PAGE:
Author Topic: Auto Shut Down  (Read 37548 times)

BruceM

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Auto Shut Down
« on: December 31, 2005, 08:11:20 PM »
I'm interested in this topic and wanted to pass along some links to fwmurphy.com that Shipchief (Scott) suggested that I thought were fantastic:

Here's a vibration sensor
http://www.fwmurphy.com/products/vibration_time_overspeed/vs2.htm

Here's an oil level switch/guage
http://www.fwmurphy.com/products/fluid_level/l100_l120_l127_l128.htm

Here's a diesel engine "rack puller" (shut down, spring loaded)
http://www.fwmurphy.com/products/engine_motor/rp75.htm

And a temperature switch/guage:
http://www.fwmurphy.com/products/temperature/20t_25t.htm

I'll report back when I find some pricing on these.

Bruce McCreary
Metro 6/1 (2000 vintage, aged in the crate)
Snowflake, AZ


« Last Edit: December 31, 2005, 08:43:27 PM by BruceM »

dkmc

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Re: Auto Shut Down
« Reply #1 on: January 01, 2006, 05:45:38 PM »

Bruce,
I'm afraid the prices might scare us all..... :o


dan k

SHIPCHIEF

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Re: Auto Shut Down
« Reply #2 on: January 01, 2006, 10:08:24 PM »
I think the Murphy page has alot of good ideas that DoItYourSelfers could 'snitch' and make from stuff that you find for as close to free as possible.
It's not really stealing....8)
Scott E
Ashwamegh 25/2 & ST12
Lister SR2 10Kw 'Long Edurance' genset on a 10 gallon sump/skid,
Onan 6.5NH in an old Jeager Compressor trailer and a few CCK's

Reno Speedster

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Re: Auto Shut Down
« Reply #3 on: January 02, 2006, 05:45:04 PM »
The temp/switch gauge would be a nice thing to have and could be used with a very simple battery operated allam so that it would sound when/if the temp spikes.  Since a rising temp can indicate a number of ills( low oil, low coolant) this would be a nice feature to have.

Reno Speedster

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Re: Auto Shut Down
« Reply #4 on: January 02, 2006, 07:32:01 PM »
I looked arround o the web and found a price of $176 for the temp gauge....A little pricey for me.  Perhaps a simpler one mounted to the head would be better (cheaper) though an audible alarm would be a nice feature.  It would be nice to know what it is actually running at.

Morgan

WWIProps

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Re: Auto Shut Down
« Reply #5 on: January 02, 2006, 11:28:10 PM »
You can build an overheat alarm out of an $8-$12 automobile idiot light switch.  Don't buy the temperature guage sending unit.  You want one that closes at a certain temperature, say 230*F.  The auto parts stores that still have paper catalogs around can help you get the exact switch specifications.  Simple twelve volt circuit to an alarm and a fuel shutoff solenoid and your done. 

Of course I am more talk than action.  Bought the switch haven't made the system.  I am thinking of drilling and tapping the head between the water outlet and the compression changeover valve hole.  Anyone had the guts to try it yet?

Scott

BruceM

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Re: Auto Shut Down
« Reply #6 on: January 02, 2006, 11:32:24 PM »
Thanks for finding that price, Morgan.  It seems a bit much to me, also.  I'll be the oil and vibration sensors are equally precious.  I'd love to get my hands on the motion sensor to see how it's made.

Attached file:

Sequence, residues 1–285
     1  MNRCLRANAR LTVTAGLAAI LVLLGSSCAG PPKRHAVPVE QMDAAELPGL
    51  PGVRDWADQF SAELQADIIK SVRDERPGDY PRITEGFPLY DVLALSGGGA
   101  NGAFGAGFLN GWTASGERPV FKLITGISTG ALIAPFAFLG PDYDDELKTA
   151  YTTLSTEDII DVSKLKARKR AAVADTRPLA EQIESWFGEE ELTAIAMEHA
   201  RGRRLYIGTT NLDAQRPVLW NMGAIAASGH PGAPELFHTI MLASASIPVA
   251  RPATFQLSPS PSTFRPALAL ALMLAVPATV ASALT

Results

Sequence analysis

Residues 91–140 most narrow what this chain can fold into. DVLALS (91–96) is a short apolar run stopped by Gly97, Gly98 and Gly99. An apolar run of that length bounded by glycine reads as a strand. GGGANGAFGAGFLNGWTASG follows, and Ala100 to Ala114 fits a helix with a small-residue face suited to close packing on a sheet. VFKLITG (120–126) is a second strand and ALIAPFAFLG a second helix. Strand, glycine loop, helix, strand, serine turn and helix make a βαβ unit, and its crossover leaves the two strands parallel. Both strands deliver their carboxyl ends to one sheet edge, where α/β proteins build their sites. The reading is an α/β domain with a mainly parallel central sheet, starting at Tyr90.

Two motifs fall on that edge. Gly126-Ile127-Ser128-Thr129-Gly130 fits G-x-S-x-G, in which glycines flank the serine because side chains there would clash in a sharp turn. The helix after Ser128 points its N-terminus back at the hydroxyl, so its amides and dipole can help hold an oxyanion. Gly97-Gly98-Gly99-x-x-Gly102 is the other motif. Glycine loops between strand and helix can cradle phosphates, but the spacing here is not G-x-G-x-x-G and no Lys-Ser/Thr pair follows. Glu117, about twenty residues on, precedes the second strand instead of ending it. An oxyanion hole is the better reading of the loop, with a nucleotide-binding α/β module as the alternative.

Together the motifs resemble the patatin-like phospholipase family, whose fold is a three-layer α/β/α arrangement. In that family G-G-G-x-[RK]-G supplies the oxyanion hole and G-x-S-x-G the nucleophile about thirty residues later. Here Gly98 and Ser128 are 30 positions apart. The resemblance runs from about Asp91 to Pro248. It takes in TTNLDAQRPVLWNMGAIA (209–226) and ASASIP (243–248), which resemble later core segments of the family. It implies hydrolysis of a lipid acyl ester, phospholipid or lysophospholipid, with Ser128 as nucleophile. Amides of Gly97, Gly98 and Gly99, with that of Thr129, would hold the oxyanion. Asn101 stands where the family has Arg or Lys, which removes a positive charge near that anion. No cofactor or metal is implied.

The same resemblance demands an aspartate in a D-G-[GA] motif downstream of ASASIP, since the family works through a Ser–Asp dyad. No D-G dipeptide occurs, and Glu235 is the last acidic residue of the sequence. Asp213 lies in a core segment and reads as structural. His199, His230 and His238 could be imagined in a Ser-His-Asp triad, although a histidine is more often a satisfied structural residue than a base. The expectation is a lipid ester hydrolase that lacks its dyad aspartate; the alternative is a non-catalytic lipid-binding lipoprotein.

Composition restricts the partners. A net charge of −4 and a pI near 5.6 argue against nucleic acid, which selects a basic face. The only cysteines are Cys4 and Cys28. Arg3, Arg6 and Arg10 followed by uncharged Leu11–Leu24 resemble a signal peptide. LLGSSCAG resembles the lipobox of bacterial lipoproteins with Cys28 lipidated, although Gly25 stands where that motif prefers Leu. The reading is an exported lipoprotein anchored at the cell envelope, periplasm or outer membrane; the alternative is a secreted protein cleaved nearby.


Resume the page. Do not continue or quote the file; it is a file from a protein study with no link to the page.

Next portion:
Guess I'll homebrew the auto shut down.  I do like the rack shut off spring with a solenoid trigger approach that Murphy uses.  This seems a situation where our resident master gunsmith might have some thoughts on the spring triggering/reset mechanism.

Any body found a nice 12V DC solenoid with some balls?  I bought one from Jameco and was pretty disappointed; the force listed was apparently only at 0.01mm from full retraction, as at 0.2" it was useless.

Thanks for your post Scott.  What part temp switch did you find and what's the threaded hole size?
How about drilling/threading the pipe after the thermostat? 

Bruce



« Last Edit: January 02, 2006, 11:39:41 PM by BruceM »

SHIPCHIEF

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Re: Auto Shut Down
« Reply #7 on: January 03, 2006, 01:37:43 AM »
I was thinking about using a 12v starter solonoid from a GM car. It's used to pull the bendix and engage the main switch for the motor, so it has plenty of force.
I was planning to use it for a trip type shutdown. It would be normaly NOT ENERGIZED until the shutdown condition (like high temp) ENERGIZES it to pull the trigger out of a spring operated shutdown. Once the trigger is pulled, the solonoid circuit is OPENED.
All the sensor switches would be N.O. and the one that closes for the sutdown condition will pass the 12 volts to the solonoid. When the solonoid pulls the trigger, it opens a switch to DE ENERGIZE the solonoid to save the battery and prevent damage to the solonoid. Standard pressure and temp switched are available thru your auto parts store, VDO, Stewart Warner, Hobbs, etc.
Simple / cheap. ;D
Scott E
Ashwamegh 25/2 & ST12
Lister SR2 10Kw 'Long Edurance' genset on a 10 gallon sump/skid,
Onan 6.5NH in an old Jeager Compressor trailer and a few CCK's

BruceM

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Re: Auto Shut Down
« Reply #8 on: January 03, 2006, 03:36:47 AM »
I hadn't thought of an auto starter solenoid.  That should have way more than enough force!
I'll see what I can find at my NAPA store. Thanks, Scott.

Surplus Center has one 12v solenoid which looks like it could possibly do the trick for a rack spring trigger release:.  6 lbs max, 3/4" throw. $12.

Does anyone know of an automotive oil level sensor that might be adapted to our needs?

Best Wishes,
Bruce
« Last Edit: January 03, 2006, 04:40:55 AM by BruceM »

BruceM

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Re: Auto Shut Down
« Reply #9 on: January 03, 2006, 04:06:59 PM »
McMaster.com has both vertical and horizontal "slosh proof" polypropylene flued level switches.
The horizontal unit requires a 1" hole-  I'm not thrilled at the prospect of drilling a huge hole just below the oil level to find out if they can manage with splash lube.

Plan B: tap into the drain plug with a tee, and make an outboard oil "sump", just like the Murphy oil guage/sensor.

The McMaster has vertical bracket mount switches ("slosh guard") that might be mounted in the sump ($80.) with just a wire lead to be sealed.  But horizontal switches are as cheap as $13 ea., $28 with "slosh guard".